Sunday, October 14, 2012


The Star Party Zoo

This was supposed to be an article on imaging, muchachos, but pore old Unk was well and truly skunked last Saturday, which had looked close to perfect all day. Just after I had, natch, lugged a ton of gear out to the Possum Swamp Astronomical Society dark site, the sky closed down with an audible thud. No DSLRing for moi. So, since the fall star party season is now in full swing, I thought I'd say a few words about that instead.

Star party zoo? The whosit of the whatsit? Believe it or not, it is fall star party season again. That means it’s not just time for observing under blessedly cool(er) hurricane-free skies, it is time for my semiannual rant about how we should conduct ourselves at star parties. I know you get tired of hearing this every cotton-picking fall and spring, but I still see way too much questionable behavior, and me and you and Sister Sue can do better.

I am an animal lover. Not just cats and dogs; I even love Bambi—shame he and his kin have to be so dadgum tasty. But there are a few species I would like to see go extinct. I expect you will recognize some of these critters, and I also expect you, embarrassedly, like Unk, will have to admit you’ve sometimes shared some of their traits:

Fieldus Territorialis

These aggressive beasts are highly territorial. Their natural habitat is the observing field, where they can be spotted during the early hours of an event. Please approach with caution, as they will vigorously defend their range with, at least, blood-curdling howls

I am happy our major national star parties and even our smaller regional ones are so popular. The growth of light pollution and the more social character of today’s amateur astronomy have seen to that. But that causes problems for events that have experienced explosive growth over the years—The Texas Star Party and the Winter Star Party come to mind. Observing fields that used to be spacious are now cramped, and you can’t expect more than just enough room for you, your scope, your observing table and maybe a tailgating canopy.

Alas, some folks just don’t understand that. Why shouldn’t THEY get two spaces? THEY like plenty of room, and it is all about THEIR needs, after all. Fuhgeddaboutit. If space is at a premium, you grin and bear it. When somebody pulls in beside you, smile; don’t act like they’ve got the cooties.

Observicus Noticus

These curious creatures, which sometimes travel in herds, are usually inoffensive but sometimes annoy their fellow beasts. They don’t seem to build nests, remaining constantly on the move…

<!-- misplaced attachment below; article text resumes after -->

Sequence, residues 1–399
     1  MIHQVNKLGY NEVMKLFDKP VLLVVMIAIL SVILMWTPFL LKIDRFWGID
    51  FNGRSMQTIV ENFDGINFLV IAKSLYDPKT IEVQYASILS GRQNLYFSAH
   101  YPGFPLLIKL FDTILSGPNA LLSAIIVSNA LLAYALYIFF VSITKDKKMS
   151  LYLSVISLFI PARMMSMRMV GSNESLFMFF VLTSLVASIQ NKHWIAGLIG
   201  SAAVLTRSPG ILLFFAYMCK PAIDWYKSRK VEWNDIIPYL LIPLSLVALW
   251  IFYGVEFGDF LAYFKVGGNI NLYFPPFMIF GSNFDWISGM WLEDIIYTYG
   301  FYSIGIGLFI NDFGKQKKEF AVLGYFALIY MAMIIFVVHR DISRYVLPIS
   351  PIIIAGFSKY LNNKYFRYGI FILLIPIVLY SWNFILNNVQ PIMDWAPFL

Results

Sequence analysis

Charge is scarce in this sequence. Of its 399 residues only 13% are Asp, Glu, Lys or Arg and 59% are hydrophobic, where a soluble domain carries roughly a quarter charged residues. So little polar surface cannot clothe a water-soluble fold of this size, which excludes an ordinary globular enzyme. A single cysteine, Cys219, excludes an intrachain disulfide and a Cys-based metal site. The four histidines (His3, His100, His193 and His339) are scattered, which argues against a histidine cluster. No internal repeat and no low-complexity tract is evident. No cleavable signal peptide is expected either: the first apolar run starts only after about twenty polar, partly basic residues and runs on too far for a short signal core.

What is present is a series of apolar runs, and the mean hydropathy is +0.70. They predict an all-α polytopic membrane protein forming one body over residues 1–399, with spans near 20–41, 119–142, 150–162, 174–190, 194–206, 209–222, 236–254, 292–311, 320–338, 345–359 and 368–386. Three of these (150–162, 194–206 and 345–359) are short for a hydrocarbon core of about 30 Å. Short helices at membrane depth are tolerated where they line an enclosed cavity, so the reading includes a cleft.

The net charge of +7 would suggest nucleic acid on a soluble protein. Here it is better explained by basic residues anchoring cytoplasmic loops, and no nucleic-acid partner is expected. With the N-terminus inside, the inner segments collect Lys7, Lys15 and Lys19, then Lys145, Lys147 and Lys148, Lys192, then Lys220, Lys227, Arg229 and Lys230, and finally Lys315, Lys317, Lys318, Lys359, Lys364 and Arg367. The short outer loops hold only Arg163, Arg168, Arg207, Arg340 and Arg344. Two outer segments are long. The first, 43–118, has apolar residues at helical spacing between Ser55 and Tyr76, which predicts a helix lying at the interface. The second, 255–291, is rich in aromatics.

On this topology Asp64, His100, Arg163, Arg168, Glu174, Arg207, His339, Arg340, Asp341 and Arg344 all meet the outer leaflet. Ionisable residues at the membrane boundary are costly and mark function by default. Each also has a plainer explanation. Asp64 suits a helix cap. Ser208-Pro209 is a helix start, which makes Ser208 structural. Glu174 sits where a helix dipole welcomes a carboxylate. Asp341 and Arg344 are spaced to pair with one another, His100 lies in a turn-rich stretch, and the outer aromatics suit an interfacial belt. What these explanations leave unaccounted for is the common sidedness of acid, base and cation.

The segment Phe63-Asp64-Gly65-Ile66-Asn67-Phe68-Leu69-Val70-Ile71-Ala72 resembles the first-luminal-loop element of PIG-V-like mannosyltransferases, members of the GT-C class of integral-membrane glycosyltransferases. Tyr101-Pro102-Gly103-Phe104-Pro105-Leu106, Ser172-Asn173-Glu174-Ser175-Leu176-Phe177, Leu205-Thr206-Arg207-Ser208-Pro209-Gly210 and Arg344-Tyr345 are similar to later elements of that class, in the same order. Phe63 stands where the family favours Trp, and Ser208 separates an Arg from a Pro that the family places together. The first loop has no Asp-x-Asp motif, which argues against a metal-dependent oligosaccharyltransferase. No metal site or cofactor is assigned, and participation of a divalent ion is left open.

I really have to wonder why some folks go to star parties. I’m talking about the people who set up a scope but never uncover it, or at least never use it. The telescope may be a nice one, but the owner never does a thing with it. They don’t even seem much interested in looking through other peoples’ telescopes. They wander the field all night long without seeming purpose. The Noticuses wouldn’t bother me if not for the fact that in their aimless shambling they tend to do things like bump into tent ropes and poles and trip over cables. More than once, I’ve lost my mount’s go-to alignment when a Noticus has snagged my NexRemote cable in his unending progress from Here to There.


The Watchalookinatamistus is not dangerous. It is just a pest, if sometimes a big pest; especially for the larger animals of the field. This scavenger’s constant search for the leavings of fellow creatures has occasionally driven field inhabitants to near madness…

Like the closely related Observicus Noticus, Watchas never use their own telescopes. If they have brought one with them it stands unused and unloved collecting dew all night long. Unlike Noticus, Watcha doesn’t just shamble up and down the field, though, the Watcha cadges looks constantly. In fact, its name comes from its distinctive call, “Watcha lookin’ at mister? Can I see? Huh, can I?”
Most of us are happy to let all and sundry observe through our scopes occasionally, but people with serious observing programs, especially those with the large telescopes, which draw these field denizens like flies to—err…honey, get tired of not just being asked for a peek, but their guests’ near insistence that they turn the scope to M13 or M42 one more time.

Raffleus Mopicus

Mopicus’ survival mechanism is its extreme suspicion of other animals at feeding time. This scavenger finds it impossible to cooperate with its fellow creatures, even those of its own species, when choice prey is at stake…

Everybody loves star party raffles. The exciting prospect of winning an Ethos or an ES 100, or even just a book or DVD is a powerful inducement to buy tickets. Alas, even when there are lots of prizes, not everybody can win. Unk, who rarely wins a dagnabbed thing, has learned to accept that with good grace. Some folks cannot, and in their disappointment forget how to be good sports. You are allowed to be disappointed when that beautiful 13mm Ethos goes to Cousin Ezra and not you, but keep your whining and muttering about RIGGED RAFFLES to yourself. We really don’t want to hear your conspiracy theories about why the Pixley A.S. members always win everything.

Foodus Horribilus

Foodus is something of a contradiction. While it is an enthusiastic omnivore, feeding on just about anything, it never seems able to find the sustenance it really wants…